Health care for the Blue Dogs — Jacob Hacker

Jacob Hacker, Health at Risk

Earlier this week, Jacob Hacker, editor of Health at Risk: America’s Health System—And How to Heal It, wrote an op-ed in the Washington Post on the “Blue Dog” Democrats’ apprehension about Obama’s health care plan.

Hacker argues that while the Blue Dogs “are right to hold Obama and Democratic leaders to their commitment to real cost control,” they should also recognize the plan’s potential to keep costs down. Moreover, health care reform is particularly vital for rural Americans, many of whom are voters in Blue Dog Democrat districts. Hacker writes,

Many Blue Dogs fret that a new public health insurance plan will become too large, despite the CBO’s projection that the overwhelming majority of working people will have employer coverage and that the public plan will enroll less than 5 percent of the population. Their concern should be that a public plan will be too weak. A public health plan will be particularly vital for Americans in the rural areas that many Blue Dogs represent. These areas feature both limited insurance competition and shockingly large numbers of residents without adequate coverage. By providing a backup plan that competes with private insurers, the public plan will broaden coverage and encourage private plans to reduce their premiums. Perhaps that’s why support for a public plan is virtually as high in generally conservative rural areas as it is nationwide, with 71 percent of voters expressing enthusiasm.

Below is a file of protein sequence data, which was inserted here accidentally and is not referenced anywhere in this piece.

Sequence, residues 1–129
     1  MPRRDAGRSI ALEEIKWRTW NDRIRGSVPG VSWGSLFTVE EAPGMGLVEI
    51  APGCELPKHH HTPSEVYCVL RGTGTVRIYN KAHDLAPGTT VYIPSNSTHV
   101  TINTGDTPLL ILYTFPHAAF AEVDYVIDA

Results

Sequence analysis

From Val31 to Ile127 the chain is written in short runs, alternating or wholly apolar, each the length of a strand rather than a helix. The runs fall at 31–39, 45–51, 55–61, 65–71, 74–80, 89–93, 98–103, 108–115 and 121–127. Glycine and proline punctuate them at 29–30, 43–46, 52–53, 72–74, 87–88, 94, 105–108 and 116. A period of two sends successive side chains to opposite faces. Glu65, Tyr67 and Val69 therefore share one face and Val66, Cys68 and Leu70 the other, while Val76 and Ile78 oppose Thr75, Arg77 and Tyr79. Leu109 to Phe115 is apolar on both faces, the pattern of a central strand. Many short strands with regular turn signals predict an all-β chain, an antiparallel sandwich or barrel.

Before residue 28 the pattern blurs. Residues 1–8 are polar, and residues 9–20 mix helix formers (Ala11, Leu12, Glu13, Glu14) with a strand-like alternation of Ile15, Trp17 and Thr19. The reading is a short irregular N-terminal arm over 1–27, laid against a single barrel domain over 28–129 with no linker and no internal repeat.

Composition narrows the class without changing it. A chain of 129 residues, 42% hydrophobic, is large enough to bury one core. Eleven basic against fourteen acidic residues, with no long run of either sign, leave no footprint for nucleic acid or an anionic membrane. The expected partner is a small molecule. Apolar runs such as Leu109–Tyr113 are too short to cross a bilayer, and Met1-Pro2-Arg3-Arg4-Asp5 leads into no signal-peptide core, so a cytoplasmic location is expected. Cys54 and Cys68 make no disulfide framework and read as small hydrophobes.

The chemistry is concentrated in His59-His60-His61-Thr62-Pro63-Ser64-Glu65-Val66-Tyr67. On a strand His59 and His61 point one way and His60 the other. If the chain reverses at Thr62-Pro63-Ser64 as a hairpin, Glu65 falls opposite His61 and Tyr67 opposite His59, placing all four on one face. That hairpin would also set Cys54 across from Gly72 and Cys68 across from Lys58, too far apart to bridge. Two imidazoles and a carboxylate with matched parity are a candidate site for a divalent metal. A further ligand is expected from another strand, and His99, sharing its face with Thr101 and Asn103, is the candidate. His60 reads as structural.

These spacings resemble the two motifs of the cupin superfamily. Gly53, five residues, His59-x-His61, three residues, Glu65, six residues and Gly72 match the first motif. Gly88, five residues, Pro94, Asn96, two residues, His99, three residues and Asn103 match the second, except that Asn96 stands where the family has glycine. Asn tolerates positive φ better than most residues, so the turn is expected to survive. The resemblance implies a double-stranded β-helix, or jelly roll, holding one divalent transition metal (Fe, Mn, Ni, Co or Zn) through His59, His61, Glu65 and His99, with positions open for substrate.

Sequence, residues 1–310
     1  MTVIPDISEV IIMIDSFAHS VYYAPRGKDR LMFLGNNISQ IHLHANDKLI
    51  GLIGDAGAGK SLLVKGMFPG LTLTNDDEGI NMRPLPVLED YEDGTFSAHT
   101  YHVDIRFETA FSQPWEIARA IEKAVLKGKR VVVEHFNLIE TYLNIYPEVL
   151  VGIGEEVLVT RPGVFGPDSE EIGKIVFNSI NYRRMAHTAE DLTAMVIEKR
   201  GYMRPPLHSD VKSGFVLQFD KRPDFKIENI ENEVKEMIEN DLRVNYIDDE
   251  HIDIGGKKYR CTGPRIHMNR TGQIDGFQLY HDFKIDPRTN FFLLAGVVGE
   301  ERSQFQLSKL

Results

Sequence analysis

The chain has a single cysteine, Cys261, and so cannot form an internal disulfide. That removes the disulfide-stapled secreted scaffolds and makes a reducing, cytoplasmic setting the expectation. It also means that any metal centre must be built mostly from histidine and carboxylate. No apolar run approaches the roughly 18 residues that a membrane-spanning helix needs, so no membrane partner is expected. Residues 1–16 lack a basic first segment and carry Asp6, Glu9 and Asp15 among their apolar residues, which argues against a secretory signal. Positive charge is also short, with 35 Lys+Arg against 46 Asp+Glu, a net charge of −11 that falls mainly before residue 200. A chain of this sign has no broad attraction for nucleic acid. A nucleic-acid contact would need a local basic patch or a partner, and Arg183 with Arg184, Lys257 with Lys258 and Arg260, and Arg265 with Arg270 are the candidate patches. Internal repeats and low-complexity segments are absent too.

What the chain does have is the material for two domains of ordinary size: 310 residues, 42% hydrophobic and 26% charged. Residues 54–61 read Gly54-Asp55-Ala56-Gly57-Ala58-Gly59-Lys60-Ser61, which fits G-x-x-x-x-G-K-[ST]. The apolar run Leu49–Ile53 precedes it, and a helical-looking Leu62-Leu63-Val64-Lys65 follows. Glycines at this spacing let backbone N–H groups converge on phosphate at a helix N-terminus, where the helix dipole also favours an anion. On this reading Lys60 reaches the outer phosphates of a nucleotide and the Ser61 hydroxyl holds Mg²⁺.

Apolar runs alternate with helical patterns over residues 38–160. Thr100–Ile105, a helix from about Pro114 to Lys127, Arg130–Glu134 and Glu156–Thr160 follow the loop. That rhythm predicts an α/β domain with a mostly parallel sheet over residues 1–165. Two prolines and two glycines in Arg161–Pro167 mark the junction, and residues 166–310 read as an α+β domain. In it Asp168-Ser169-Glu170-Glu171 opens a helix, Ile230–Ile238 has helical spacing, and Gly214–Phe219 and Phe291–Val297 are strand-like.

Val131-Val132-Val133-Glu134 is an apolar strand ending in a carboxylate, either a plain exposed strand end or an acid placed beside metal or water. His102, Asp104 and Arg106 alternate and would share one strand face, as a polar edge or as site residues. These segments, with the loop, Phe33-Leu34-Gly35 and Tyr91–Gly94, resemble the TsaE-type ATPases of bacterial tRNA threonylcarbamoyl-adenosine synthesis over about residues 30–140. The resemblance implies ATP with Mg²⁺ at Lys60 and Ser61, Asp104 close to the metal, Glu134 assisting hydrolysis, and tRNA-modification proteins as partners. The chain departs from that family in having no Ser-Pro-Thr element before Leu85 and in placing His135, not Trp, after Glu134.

As mentioned in an earlier post, Hacker’s essay in Health at Risk explores some of the political and ideological contexts that have shaped the health care debate. How can reformers combat the rhetoric of those who claim health care reform will be too costly and introduce too much government interference in their lives? As Hacker suggests in his essay health care reform has been sunk in the past despite enjoying the support of most Americans. What are reformers to do? Hacker writes:

When the rhetoric heats up reformers will need to be able to fight fear with fear—the fear of government with the fear of losing private coverage, the fear of taxes with the fear of medical bankruptcy and debt. Reformers will also need to be able to fight fear with hope: with a clear, simple, and unthreatening vision that builds on what exists and meets public concerns head on—a vision that may lack the ineffectual satisfaction of a fine-tuned policy blueprint, but which provides the political satisfaction of actually having a chance of passage.

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